It looks like history might be repeating itself once again in the tech world. When the Dot-com bubble occurred back in the 90s, thousands of companies ran out of capital and lost a large portion of their shares. After 2001, the market crash cost investors $5 trillion. Today, in 2015, there’s a chance that we might see another collapse happen in the Valley.
Unicorn startups – the ones that have gotten more than $1 billion investments -aren’t that scarce anymore. There’s a new word called Hectacorns. Startups that have gotten more than 10 billion investments. According to CBinsight right now there are 142 unicorns out there with a total valuation of $506 billion. Slack, the team collaboration app is estimated $2.8 billion dollars. Uber raised its valuation from $18 billion to $40 Billion in 6 months, and is now worth $50 Billion. But are these startups really worth this much or it’s just a “tech-bubble”? Could the market crash like it did back in the late 90s and investors get hurt?
“The argument in favor of concern is cyclical. The counterargument is that stuff works now”, says Marc Andreessen, the cofounder of Andreessen Horowitz Venture Capital.
According to Bill Gurley, the well-known investor behind Uber and Snapchat, there’s no doubt about the existence of a bubble in the Valley. “We may not be in a tech bubble, but we’re in a risk bubble,” says Gurley. “There is no fear in Silicon Valley right now. More people are employed by money-losing companies in Silicon Valley than ever before.”
Predictions are somewhat ambiguous. Investors are being more cautious in this situation and they’re holding on their excitement for now. But while everyone is debating whether if there’s a bubble or not, let’s see how the crisis could be avoided if there was actually a bubble.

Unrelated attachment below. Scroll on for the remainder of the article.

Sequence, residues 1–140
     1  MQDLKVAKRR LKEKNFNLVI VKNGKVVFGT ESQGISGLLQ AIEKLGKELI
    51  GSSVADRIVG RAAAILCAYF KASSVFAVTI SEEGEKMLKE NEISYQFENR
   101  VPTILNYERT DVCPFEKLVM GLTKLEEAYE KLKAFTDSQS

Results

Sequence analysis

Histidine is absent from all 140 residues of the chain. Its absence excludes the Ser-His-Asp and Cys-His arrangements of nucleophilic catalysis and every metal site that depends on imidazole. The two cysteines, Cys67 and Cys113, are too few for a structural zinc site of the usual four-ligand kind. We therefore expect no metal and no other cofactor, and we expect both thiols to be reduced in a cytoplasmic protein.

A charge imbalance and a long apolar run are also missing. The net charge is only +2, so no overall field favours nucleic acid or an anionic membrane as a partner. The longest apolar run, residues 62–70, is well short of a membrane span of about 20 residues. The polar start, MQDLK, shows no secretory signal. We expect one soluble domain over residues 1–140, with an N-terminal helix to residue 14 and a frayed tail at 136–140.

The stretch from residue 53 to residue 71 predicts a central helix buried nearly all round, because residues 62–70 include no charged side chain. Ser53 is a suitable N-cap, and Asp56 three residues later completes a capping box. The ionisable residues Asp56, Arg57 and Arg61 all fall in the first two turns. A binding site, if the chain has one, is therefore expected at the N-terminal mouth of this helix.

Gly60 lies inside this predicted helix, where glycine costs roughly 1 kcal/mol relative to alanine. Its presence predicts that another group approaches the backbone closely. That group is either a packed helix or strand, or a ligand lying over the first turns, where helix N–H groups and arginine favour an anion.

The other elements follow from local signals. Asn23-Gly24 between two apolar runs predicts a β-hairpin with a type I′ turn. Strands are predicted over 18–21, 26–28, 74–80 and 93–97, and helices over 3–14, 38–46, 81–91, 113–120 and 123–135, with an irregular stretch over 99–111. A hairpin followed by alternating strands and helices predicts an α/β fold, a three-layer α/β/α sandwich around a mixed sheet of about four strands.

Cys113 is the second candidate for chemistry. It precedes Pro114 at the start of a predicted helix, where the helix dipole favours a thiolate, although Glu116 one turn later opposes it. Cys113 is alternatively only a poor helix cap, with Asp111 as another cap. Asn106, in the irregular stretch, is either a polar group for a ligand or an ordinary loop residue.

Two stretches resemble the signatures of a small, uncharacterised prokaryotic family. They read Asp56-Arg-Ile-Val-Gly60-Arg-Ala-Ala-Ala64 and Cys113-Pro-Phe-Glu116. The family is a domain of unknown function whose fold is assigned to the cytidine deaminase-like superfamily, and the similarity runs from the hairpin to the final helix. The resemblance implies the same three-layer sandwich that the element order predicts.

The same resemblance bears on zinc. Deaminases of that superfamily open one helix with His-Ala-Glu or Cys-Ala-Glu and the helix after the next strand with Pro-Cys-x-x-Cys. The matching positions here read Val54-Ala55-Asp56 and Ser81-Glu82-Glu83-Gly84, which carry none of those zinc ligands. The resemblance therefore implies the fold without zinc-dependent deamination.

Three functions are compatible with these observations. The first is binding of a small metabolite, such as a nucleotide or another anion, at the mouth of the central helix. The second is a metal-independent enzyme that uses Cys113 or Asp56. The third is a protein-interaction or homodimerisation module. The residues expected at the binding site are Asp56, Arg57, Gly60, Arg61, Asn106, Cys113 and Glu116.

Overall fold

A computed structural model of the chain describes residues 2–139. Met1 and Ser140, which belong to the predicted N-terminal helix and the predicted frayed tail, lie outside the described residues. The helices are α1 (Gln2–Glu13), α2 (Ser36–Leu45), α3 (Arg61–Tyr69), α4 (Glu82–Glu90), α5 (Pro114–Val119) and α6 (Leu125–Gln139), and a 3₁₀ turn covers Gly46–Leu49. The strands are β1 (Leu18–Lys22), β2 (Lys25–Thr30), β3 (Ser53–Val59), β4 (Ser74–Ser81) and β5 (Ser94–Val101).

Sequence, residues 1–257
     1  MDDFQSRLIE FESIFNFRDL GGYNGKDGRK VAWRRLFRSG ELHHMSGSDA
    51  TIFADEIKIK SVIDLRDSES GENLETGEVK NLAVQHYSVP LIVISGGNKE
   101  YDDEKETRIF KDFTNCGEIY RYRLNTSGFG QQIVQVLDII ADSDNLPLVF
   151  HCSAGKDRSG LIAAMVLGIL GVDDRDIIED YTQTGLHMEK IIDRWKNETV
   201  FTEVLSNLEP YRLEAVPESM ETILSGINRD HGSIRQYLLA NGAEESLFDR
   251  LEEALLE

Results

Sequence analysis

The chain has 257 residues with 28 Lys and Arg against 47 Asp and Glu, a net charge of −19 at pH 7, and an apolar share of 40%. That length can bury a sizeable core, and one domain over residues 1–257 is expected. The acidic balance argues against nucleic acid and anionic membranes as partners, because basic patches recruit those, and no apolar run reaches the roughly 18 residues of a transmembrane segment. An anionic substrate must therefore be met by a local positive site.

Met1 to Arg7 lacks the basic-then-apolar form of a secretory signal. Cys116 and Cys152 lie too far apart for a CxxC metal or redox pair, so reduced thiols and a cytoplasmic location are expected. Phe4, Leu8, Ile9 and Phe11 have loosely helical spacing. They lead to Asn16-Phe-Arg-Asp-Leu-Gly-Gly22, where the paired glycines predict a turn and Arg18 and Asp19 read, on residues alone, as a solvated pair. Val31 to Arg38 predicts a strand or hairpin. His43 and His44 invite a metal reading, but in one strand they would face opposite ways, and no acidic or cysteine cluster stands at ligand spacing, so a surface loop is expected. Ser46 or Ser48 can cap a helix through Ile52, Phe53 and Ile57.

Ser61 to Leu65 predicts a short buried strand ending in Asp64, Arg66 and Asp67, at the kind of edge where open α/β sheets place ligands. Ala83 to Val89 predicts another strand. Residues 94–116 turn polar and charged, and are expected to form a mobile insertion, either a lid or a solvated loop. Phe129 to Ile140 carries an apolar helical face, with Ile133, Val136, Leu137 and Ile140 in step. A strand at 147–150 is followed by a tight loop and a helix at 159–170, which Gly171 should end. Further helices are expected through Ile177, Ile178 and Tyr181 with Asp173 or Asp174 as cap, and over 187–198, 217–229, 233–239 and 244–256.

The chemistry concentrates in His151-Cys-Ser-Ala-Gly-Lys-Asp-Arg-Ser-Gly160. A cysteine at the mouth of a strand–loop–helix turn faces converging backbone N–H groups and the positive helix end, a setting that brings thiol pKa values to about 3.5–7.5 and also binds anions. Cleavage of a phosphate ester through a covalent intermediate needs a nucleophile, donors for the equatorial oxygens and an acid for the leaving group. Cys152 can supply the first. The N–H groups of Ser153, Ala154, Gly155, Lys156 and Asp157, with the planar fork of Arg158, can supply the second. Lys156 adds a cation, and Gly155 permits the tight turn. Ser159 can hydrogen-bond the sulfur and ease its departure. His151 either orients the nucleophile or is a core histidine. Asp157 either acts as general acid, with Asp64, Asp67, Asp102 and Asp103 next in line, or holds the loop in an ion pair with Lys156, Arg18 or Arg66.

Hold On! If the Money Isn’t Pouring into the Valley, Where Is It Going Then?
For investors, a good reaction to what’s going on in the valley could be investing on emerging market’s startups. A smart move right now could be putting your eggs in different baskets, until the storm is passed. 500 startups, the early-stage venture firm and accelerator headquartered in Mountain View, Califonia, has raised funds in Southeast Asia and emerging markets like Turkey. They recently announced the launch of 500 Istanbul, a micro-fund focused on Turkish startups.
Why the Emerging Markets?
Emerging markets could mean a lot of things. Countries such as China, Russia and up-and-coming markets like Turkey and Iran. There are some pretty good startups coming out of these markets. Indian startup Zipdial, is an example for a startup in an emerging market, bought by Twitter.
- The growth rate in emerging countries is two to three times the amount in the US and Europe. Also the return is higher. Digikala, the biggest e-commerce website in Iran, got $10 million early stage fund and it’s now valued at $300 million dollars.
- Emerging markets are resource rich. Iran’s population is around 80 million with 67% being under the age of 35. The country has the highest number of educated individuals in the the MENA region.
- Investing in an emerging market like Iran could be a good diversifier. The economic declines could be balanced by growth in an emerging country.
- Many startups in emerging markets fail fast. Reason? not enough early stage fund! A great deal of these startups are really desperate for an early stage fund. And for investors, due to higher risks in these markets, the valuations are much lower.
Could Iran Be the Answer?
Investors in the Valley have their eyes on Iran’s market. Iranian diaspora are slowly entering the country. There are already startups that rival with the best. Such as Taskulu, a task management application that’s competing with Trello. Taskulu is one of the graduates at Avatech startup accelerator in Tehran that’s getting fund from foreign investors.
Due to the sanctions imposed on Iran in the past couple of years, Iran’s market has been immune to any sort of incidents that affected the Valley. Incidents which could have a domino effect all around the world.
Iran might be left behind, but it’s moving at a fast pace.
If the investments pour in an emerging market like Iran, wouldn’t that create a bubble? The first generation of startups in the country have just paved the way for the new generation to come. Short investments could help this new generation but in the long run it could dry the buds. Short-investments could hurt any economy, especially a young one like Iran.
What do you think would happen if the so-called bubble in the valley bursts? Or if some of the money from the valley moves to the post-sanction Iran? Leave a comment below.